This research includes digitally presented text because such content plays an essential role in real–life behavior–modification campaigns. In the context of unmatchable corporate advertising budgets, non–profit organizations depend upon media content driven by health communication efforts to expand message reach. Through this avenue of independent content, organizations seeking positive health change can earn attention equivalent to paid–for messages, particularly in a media environment where online content is so easily shared. Additionally, the news context is appropriate because the opening paragraph of much content uses fear appeals to gain attention for the story as a whole or because the content–producer feels a fear message is the best way to get audience attention (Hofstetter and Dozier, 1986; Grabe, et al., 2000).

Results from this research should help health communication professionals and healthcare practitioners understand better message development to change health behavior. Knowing people’s likely responses to behavior–change messages will help produce media content to more effectively target audiences. While previous findings might be extended to mass media content, research to empirically verify that extension has been absent.

Fear appeal research designs

In examining fear appeal research, Boster and Mongeau’s (1984) meta–analysis described several noteworthy design artifacts. One artifact involves how the number of fear induction conditions relates to outcomes; in earlier fear appeal research with attitude as the dependent variable, studies with more levels of fear manipulation reported larger fear manipulation–attitude correlations (r=.31, df=23, p=.07 in Boster and Mongeau, 1984).

In addition to factors involving the number of fear appeal messages, the number of items used to measure the outcome variable and the fear manipulation–outcome correlation are positively related (r=.36, df=21, p=.05 in Boster and Mongeau, 1984 for fear manipulation–attitude). Looking at the same issues through another method, Boster and Mongeau (1984) also found standardized regression coefficients even larger than the zero–order correlations when the fear manipulation–attitude relationship was regressed onto type of experiment design and number of items in the measurement instrument (Β=-.24 for type of experiment and Β=.39 for number of items, R=.43).

Study design type, number of measurement items, and number of fear induction conditions historically have been responsible for part of the statistical relationship between fear induction messages and outcome variables (R=.50 in the multiple correlation examination by Boster and Mongeau, 1984, for methodological artifacts within the fear manipulation–dependent variable).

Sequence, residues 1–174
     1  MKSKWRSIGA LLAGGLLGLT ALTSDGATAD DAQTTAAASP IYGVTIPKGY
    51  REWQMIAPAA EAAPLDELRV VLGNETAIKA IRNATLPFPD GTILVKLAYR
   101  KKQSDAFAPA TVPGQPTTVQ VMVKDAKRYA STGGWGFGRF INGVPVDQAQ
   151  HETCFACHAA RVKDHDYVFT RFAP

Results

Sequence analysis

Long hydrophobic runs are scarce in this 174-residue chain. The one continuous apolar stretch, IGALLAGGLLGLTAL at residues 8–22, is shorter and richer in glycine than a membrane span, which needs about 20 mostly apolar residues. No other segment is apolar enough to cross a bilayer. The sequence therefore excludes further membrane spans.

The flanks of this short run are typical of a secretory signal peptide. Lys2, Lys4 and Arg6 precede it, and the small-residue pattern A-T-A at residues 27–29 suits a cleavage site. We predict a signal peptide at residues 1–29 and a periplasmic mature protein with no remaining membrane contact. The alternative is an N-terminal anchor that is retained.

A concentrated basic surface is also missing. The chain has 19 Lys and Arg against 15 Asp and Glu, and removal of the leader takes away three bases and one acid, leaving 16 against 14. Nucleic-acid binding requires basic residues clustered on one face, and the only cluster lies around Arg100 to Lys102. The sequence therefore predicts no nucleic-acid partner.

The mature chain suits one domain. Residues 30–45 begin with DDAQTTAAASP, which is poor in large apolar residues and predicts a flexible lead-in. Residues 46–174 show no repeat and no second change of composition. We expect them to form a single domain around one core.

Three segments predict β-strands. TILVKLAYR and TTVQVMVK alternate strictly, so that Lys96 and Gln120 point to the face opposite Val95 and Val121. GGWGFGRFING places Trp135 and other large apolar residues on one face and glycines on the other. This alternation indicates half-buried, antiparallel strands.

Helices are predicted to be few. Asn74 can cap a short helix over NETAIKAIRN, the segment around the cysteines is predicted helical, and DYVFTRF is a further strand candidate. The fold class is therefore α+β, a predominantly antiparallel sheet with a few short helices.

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Hypotheses

The hypotheses examine the suitability of perceived efficacy and perceived threat to perform in a mediated, text–based news context. In Witte and Allen’s (2000) meta–analysis, response efficacy and self–efficacy produce correlations with the dependent variables (attitude, behavioral intention, behavior change) ranging from .12 to .17 [4]. Perceived efficacy and behavioral intention were correlated at .17.

To demonstrate that mediated news content can serve as a suitable medium for the application of this essential EPPM variable, H1 predicts the simulated online news articles employed here will induce a perceived efficacy–behavioral intention correlation (r=.17) that matches or exceeds the effects found in fear–appeal–focused meta–analyses.

H1: Higher perceived efficacy will associate positively with higher behavioral intention to take self–protective action at a level equal to or greater than prior research.

Similarly, the range of meta–analyses show stronger fear appeals lead to greater persuasion toward danger control responses (Witte and Allen, 2000). The strength of fear manipulation–dependent variable relationships remains relatively consistent across meta–analyses (Boster and Mongeau, 1984; Mongeau, 1998; Witte and Allen, 2000). To demonstrate perceived threat can perform as predicted within a mediated news context, H2 predicts the articles used here will induce a perceived threat–behavioral intention correlation in line with effects observed in prior research, specifically at .11 or greater.

H2: Higher perceived threat will associate positively with behavioral intention to take self–protective action at a level equal to or greater than prior research.

Another key test of the suitability of text–based, digital news content is its ability to induce differing levels of perceived threat. If digital news content is to serve as a suitable medium for persuasive appeals, it must be able to induce different levels of perceived threat.

H3: Threat perception will vary across three treatment conditions in line with expectations for the constructed news articles focusing on cancer, viruses, and medical research.

Additionally, it is worth noting prior meta–analytic work has discussed a number of research design artifacts that could significantly influence the fear induction–dependent variable relationship as well as the efficacy–dependent variable correlation (Boster and Mongeau, 1984). Specifically, the number of treatment conditions and the number of items used to measure the dependent variable affect the strength of the resulting correlations, due in part to restriction in range from little variance among treatment conditions and measurement error.